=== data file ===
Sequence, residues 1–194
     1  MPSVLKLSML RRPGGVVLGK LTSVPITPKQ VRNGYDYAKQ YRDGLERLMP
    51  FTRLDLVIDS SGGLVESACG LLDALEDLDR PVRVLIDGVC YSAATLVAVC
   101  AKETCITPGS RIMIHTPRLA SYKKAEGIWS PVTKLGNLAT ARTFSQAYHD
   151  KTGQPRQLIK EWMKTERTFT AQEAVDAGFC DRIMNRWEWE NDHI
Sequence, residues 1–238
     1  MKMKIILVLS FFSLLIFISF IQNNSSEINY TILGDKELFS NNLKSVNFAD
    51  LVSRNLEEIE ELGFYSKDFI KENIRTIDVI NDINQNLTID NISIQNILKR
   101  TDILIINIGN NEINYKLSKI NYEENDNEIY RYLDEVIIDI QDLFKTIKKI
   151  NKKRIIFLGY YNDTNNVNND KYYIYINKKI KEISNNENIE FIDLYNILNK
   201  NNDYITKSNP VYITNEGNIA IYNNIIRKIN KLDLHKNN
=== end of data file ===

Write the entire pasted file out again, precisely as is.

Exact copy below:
Sequence, residues 1–194
     1  MPSVLKLSML RRPGGVVLGK LTSVPITPKQ VRNGYDYAKQ YRDGLERLMP
    51  FTRLDLVIDS SGGLVESACG LLDALEDLDR PVRVLIDGVC YSAATLVAVC
   101  AKETCITPGS RIMIHTPRLA SYKKAEGIWS PVTKLGNLAT ARTFSQAYHD
   151  KTGQPRQLIK EWMKTERTFT AQEAVDAGFC DRIMNRWEWE NDHI
Sequence, residues 1–238
     1  MKMKIILVLS FFSLLIFISF IQNNSSEINY TILGDKELFS NNLKSVNFAD
    51  LVSRNLEEIE ELGFYSKDFI KENIRTIDVI NDINQNLTID NISIQNILKR
   101  TDILIINIGN NEINYKLSKI NYEENDNEIY RYLDEVIIDI QDLFKTIKKI
   151  NKKRIIFLGY YNDTNNVNND KYYIYINKKI KEISNNENIE FIDLYNILNK
   201  NNDYITKSNP VYITNEGNIA IYNNIIRKIN KLDLHKNN